In Katniss’s case, though, it’s hard to see what’s so bad about her fate. She gets the resources needed to save Peeta’s life. She gets to spend a few days cuddling with a cute boy. By playing up the romance angle to the audience, she carries the two of them to victory in the Hunger Games, earning them both a lifetime of luxury. The millions watching at home are thrilled and two kids come home to District 12 instead of one. What’s so bad about Katniss’s fate?
It’s not the role she chose.
I’m not really sure how to ramp up the romance. The kiss last night was nice, but working up to another will take some forethought. There are girls in the Seam, some of the merchant girls, too, who navigate these waters so easily. But I’ve never had much time or use for it.
In an excellent example of dramatic irony, it’s obvious to everyone except Katniss that Katniss is truly in love with Gale. She’s grateful to Peeta for giving her bread when she was poor and starving, and as a fellow member of District 12 she’d like to bring him home alive. But she’s not in love with him.
And yet her love for Peeta is almost irrelevant, just like Peeta’s capabilities as a baker are almost irrelevant. If acting like she’s in love with Peeta will save his life, and saving his life is her best chance of getting home to District 12, then she’ll act. And when you act a certain way for long enough, you will start feeling that way. Your body will catch up to the feelings you’re simulating, just as Katniss’s heart begins to flutter after repeated makeout sessions with Peeta.
But suppose she keeps up that facade outside of the arena. She’ll have to in order to justify her sinecure (although the existence of two more books in the series suggests she doesn’t retire quietly). She’ll enter a stiff relationship and eventually a forced romance with Peeta, who’s not so dense as to ignore a woman who’s clearly not interested in him. So he’ll be unhappy. She’ll be unhappy, trapped in a chilly relationship. And Gale will be unhappy, separated from the girl he loves by the need to keep up appearances.
Three unhappy people, forced into a love triangle by the dictates of a game of voyeurs. All it would take would be one move – Gale and Katniss admitting their feelings – and we’d have one unhappy person (Peeta) instead of three. Two people better off, nobody worse off. That’s a Pareto improvement if ever I saw one.
“It was all for the Games,” Peeta says. “How you acted.”
“Not all of it,” I say […]
“Then how much? No, forget that. I guess the real question is what’s going to be left when we get home?”
“I don’t know. The closer we get to District Twelve, the more confused I get,” I say. He waits for further explanation, but none’s forthcoming.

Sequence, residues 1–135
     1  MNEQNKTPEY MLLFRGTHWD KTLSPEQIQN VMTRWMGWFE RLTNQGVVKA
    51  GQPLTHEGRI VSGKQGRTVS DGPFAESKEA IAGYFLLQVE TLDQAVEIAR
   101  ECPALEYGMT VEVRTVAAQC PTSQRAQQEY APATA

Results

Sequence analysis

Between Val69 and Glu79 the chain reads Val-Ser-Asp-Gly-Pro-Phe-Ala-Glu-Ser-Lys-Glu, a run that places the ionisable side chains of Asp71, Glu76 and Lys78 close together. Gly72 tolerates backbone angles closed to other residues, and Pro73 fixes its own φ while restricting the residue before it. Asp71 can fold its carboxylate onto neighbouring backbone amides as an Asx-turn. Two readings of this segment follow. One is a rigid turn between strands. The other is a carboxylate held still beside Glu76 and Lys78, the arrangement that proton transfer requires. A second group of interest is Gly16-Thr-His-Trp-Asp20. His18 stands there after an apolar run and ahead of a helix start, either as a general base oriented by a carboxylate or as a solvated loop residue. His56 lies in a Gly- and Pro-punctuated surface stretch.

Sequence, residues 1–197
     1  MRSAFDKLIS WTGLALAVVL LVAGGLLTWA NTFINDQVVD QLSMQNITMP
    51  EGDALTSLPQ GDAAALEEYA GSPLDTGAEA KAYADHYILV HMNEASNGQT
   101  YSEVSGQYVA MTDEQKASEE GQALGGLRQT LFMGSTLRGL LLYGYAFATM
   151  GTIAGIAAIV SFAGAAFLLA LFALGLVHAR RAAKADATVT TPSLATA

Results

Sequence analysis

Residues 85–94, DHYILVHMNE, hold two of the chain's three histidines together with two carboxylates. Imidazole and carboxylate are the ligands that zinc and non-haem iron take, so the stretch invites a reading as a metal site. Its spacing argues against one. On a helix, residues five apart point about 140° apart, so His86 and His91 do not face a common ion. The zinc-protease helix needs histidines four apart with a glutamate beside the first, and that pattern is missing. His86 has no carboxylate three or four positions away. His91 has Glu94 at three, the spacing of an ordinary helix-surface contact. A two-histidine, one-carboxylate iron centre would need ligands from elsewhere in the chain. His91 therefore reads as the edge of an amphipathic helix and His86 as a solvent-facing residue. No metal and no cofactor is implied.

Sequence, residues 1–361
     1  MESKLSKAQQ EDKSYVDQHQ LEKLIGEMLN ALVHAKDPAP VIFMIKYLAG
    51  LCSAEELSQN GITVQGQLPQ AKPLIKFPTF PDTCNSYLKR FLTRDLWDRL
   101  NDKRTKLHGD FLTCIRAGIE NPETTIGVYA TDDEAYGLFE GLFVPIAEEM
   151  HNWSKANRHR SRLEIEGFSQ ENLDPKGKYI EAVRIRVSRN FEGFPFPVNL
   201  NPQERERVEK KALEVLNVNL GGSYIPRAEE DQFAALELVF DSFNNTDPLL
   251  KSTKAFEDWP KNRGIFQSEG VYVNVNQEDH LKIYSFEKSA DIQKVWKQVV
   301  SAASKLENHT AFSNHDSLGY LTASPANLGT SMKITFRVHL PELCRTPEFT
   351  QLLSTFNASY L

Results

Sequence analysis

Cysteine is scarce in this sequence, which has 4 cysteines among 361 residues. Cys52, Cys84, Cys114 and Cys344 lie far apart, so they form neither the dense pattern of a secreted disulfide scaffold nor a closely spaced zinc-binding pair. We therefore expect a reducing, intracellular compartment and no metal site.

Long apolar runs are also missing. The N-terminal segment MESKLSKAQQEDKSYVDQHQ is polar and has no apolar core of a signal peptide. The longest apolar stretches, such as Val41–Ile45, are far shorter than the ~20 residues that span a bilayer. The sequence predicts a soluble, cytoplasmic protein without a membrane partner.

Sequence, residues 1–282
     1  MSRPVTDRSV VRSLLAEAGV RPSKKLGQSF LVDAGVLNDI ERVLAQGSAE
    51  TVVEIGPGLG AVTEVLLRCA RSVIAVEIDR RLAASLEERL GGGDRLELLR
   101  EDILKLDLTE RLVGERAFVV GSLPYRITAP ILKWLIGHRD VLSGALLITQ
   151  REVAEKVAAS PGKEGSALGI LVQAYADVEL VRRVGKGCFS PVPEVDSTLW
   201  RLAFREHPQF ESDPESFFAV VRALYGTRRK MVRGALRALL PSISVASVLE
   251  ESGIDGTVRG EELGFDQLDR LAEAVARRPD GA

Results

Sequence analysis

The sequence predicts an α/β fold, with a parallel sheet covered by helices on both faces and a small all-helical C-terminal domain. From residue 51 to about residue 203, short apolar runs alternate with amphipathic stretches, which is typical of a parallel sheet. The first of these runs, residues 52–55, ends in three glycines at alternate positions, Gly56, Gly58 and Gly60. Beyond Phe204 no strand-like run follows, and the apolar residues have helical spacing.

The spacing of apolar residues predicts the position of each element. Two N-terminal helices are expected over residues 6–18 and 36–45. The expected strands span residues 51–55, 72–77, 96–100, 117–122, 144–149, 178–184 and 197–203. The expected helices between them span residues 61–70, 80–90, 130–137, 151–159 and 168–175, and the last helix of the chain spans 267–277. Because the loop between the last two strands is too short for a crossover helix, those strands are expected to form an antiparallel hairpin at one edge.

“Well, let me know when you work it out,” he says, and the pain in his voice is palpable.
This is the sick genius of the Gamemakers’ plan. This is how they can get away with bringing twenty-four kids to the Capitol, immersing them in unimaginable wealth for three weeks, and then returning one of them home. Will the person who wins agitate for social change once they’re back in the District? Of course not. The person who wins the Hunger Games isn’t the smartest or the strongest or the deadliest. It’s the person who’s the best at assimilating Capitol values. They play to the crowd, get the best gifts from the sponsors, and adapt to the Capitol mindset. Winning leaches the rebellion out of them. (Or at least it’s supposed to. Our hope is that, in Katniss’s case, it didn’t take)
It’s easy to take The Hunger Games as a metaphor for the cruelty of adolescence: how fights over status drive people into roles they might not choose willingly. But Collins’s novel also works as a study of economic efficiency. What makes the government of Panem truly chilling is how they exert control on every level. Macroeconomically, they divide the country into arbitrary Districts, compelled to produce one type of good. Microeconomically, they forbid travel between Districts and censor information. And psychologically, they stage an annual series of morbid Games and compel everyone to watch while they turn children into ravening lunatics, stony killers or unwilling lovers. The combined effect is to keep people poor and easily ruled, eager to leap into the roles that the Gamemakers create for them.
The state of Panem rules everyone in its borders, from their actions to their thoughts. For the people of the Districts to have any hope of breaking free, a truly radical idea will need to catch fire.